After that lets configure our NIC teams. Edit /etc/modprobe.d/aliases.conf with your favorite text editor. I like nano, for example:

#sudo nano /etc/modprobe.d/aliases.conf

Add the following:

alias bond0 bonding
options bond0 mode=0 miimon=100 downdelay=200 updelay=200 max_bonds=2

alias bond1 bonding
options bond1 mode=0 miimon=100 downdelay=200 updelay=200

Now edit /etc/network/interfaces and replace the contents with the following:

# The loopback network interface
auto lo
iface lo inet loopback

# The interfaces that will be bonded
auto eth0
iface eth0 inet manual

auto eth1
iface eth1 inet manual

auto eth2
iface eth2 inet manual

auto eth3
iface eth3 inet manual

# The target-accessible network interface
auto bond0
iface bond0 inet static
address #(.13 for Server2)
mtu 9000
up /sbin/ifenslave bond0 eth0
up /sbin/ifenslave bond0 eth2

# The isolated network interface
auto bond1
iface bond1 inet static
address #(.13 for Server2)
mtu 9000
up /sbin/ifenslave bond1 eth1
up /sbin/ifenslave bond1 eth3

If your network is not configured for jumbo frames, remove the mtu 9000 option. Also, make sure to change the IP information to both match your environment and your hosts. See the table above for IP assignments.

At this point since my iSCSI network has no Internet access I rebooted both servers and plugged them into the iSCSI switch.

When both hosts come back up, edit /etc/hosts and add the following on both servers: Server1 Server2

This is so the servers can communicate by name over the Heartbeat connection. Once that is ready, run the following on each server:

#sudo touch /root/.ssh/authorized_keys
#sudo ssh-keygen -t dsa (Just press enter for everything)
#sudo scp /root/.ssh/ root@Server1:/root/.ssh/authorized_keys

This will allow you to copy files back and forth without having to enter a password each time.

Now we configure out ZFS storage. If you check the table above to see that I am putting that on /dev/sdb. To do that run the following:

#zpool create data /dev/sdb

This mounts to /data automatically. According to Ubuntu-ZFS documentation, ZFS remounts it automatically at reboot. I found that to not be the case. Since it didn’t mount correctly, it made my GlusterFS setup fail after rebooting. To fix that I created a startup script in /etc/init.d called zfsmount with the following:

zfs mount data
glusterfs -f /etc/glusterfs/glusterfs.vol /iscsi
/etc/init.d/glusterfs-server start

I made the script executable by running:

#sudo chmod +x /etc/init.d/zfsmount

I then copied that file over to the other server:

#sudo scp /etc/init.d/zfsmount root@Server2:/etc/init.d/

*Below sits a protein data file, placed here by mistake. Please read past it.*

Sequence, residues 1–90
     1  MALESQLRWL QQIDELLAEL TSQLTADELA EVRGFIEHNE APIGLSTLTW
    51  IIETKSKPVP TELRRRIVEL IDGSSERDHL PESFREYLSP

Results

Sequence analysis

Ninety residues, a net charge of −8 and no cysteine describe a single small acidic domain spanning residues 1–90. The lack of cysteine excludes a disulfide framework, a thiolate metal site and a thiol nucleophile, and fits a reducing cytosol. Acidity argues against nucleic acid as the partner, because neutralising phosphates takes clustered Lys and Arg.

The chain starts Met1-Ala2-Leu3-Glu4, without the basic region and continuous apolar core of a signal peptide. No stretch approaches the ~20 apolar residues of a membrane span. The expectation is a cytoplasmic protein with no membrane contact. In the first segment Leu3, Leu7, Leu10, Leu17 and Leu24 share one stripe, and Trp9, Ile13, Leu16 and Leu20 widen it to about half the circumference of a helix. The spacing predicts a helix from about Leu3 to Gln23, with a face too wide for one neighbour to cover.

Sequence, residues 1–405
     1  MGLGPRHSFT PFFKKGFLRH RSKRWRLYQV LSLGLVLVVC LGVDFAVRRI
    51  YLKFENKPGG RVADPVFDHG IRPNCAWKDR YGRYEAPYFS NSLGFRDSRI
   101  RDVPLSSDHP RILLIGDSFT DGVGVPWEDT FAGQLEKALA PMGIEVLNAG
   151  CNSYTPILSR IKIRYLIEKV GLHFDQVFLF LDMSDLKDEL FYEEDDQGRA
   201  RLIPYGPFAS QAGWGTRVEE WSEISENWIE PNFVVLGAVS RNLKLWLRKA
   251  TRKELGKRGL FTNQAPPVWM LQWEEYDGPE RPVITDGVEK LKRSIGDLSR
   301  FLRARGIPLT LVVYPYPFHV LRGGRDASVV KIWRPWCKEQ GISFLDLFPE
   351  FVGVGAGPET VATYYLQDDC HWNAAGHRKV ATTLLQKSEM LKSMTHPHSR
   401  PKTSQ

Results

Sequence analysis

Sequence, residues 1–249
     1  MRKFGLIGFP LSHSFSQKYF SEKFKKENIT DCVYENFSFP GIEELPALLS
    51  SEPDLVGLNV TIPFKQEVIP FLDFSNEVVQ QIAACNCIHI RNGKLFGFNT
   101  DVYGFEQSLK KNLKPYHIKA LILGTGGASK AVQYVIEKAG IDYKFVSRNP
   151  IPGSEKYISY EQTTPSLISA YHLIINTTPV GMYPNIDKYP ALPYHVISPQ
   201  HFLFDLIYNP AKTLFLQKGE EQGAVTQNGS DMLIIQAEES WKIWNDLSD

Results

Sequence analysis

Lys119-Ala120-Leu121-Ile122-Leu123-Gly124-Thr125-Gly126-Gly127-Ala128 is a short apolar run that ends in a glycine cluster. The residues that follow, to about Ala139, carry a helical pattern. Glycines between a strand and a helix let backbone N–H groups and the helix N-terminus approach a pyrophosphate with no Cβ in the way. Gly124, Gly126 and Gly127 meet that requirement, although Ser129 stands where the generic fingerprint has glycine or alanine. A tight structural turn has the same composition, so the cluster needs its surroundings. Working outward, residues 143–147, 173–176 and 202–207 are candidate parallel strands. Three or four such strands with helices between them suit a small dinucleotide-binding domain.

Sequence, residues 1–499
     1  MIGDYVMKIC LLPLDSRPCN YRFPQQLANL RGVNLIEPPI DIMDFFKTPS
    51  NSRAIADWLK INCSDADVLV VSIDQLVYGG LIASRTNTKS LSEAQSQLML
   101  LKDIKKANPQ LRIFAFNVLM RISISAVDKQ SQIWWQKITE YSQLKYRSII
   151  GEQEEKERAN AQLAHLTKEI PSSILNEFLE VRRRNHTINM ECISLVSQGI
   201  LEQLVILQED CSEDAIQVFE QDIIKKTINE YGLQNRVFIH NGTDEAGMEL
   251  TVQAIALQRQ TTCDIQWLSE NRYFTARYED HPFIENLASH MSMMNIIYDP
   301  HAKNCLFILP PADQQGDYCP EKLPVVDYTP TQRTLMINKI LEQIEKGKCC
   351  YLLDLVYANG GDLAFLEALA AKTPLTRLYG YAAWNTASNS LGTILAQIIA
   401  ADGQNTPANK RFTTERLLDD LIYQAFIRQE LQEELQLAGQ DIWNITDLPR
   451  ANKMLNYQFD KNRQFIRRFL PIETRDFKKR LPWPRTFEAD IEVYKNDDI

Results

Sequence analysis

What that does is mounts the ZFS volume to /data, then mounts the Glusterfs client volume to /iscsi (We’ll get there) then starts the glusterfs-server daemon at boot. Because we want the zfsmount script to start the GlusterFS service, I also had to remove GlusterFS from rc.d by running the following:

#sudo update-rc.d –f glusterfs-server remove

We also want to make zfsmount run at boot, so we will add it to rc.d:

#sudo update-rc.d zfsmount defaults

At this point you can enable dedup or compression if you have the right hardware for it by running the following:

#sudo zfs set dedup=on data


#sudo zfs set compression=on data

Now our storage is ready, lets configure GlusterFS! Edit /etc/glusterfs/glusterfsd.vol, clear the contents and add this:

volume posix
type storage/posix
option directory /data

volume locks
type features/locks
subvolumes posix

volume brick
type performance/io-threads
option thread-count 8
subvolumes locks

volume server
type protocol/server
option transport-type tcp
option bind-address (or on Server2)
option auth.addr.brick.allow 172.16.18.*
subvolumes brick

Copy /etc/glusterfs/glusterfsd.vol to Server2:

#sudo scp /etc/glusterfs/glusterfsd.vol root@Server2:/etc/glusterfs/

Now start the GlusterFS Server service on both servers by running:

#sudo service glusterfs-server start

Now lets make our GlusterFS client directory by running the following:

#sudo mkdir /iscsi

Now lets edit /etc/glusterfs/glusterfs.vol, clear everything and add:

volume remote1
type protocol/client
option transport-type tcp
option remote-host
option remote-subvolume brick

volume remote2
type protocol/client
option transport-type tcp
option remote-host
option remote-subvolume brick

volume replicate
type cluster/replicate
subvolumes remote1 remote2

volume writebehind
type performance/write-behind
option window-size 1MB
subvolumes replicate

volume cache
type performance/io-cache
option cache-size 512MB
subvolumes writebehind

Now you can mount our GlusterFS client to /iscsi by running the following:

#sudo glusterfs -f /etc/glusterfs/glusterfs.vol /iscsi

This will automatically happen at reboot now thanks to our handy zfsmount script. Now we need to make two directories in /iscsi. One for our iscsitarget configs, and the other for our LUNs. Now that GlusterFS is running, we only need to do this on Server1.

#sudo mkdir /iscsi/iet
#sudo mkdir /iscsi/storage

Now lets move our iscsitarget configs to /iscsi/iet:

#sudo mv /etc/iet/* /iscsi/iet/

Now we will create links to those files:

#sudo ln –s /iscsi/iet/* /etc/iet/

On Server2 run the following:

#sudo rm /etc/iet/*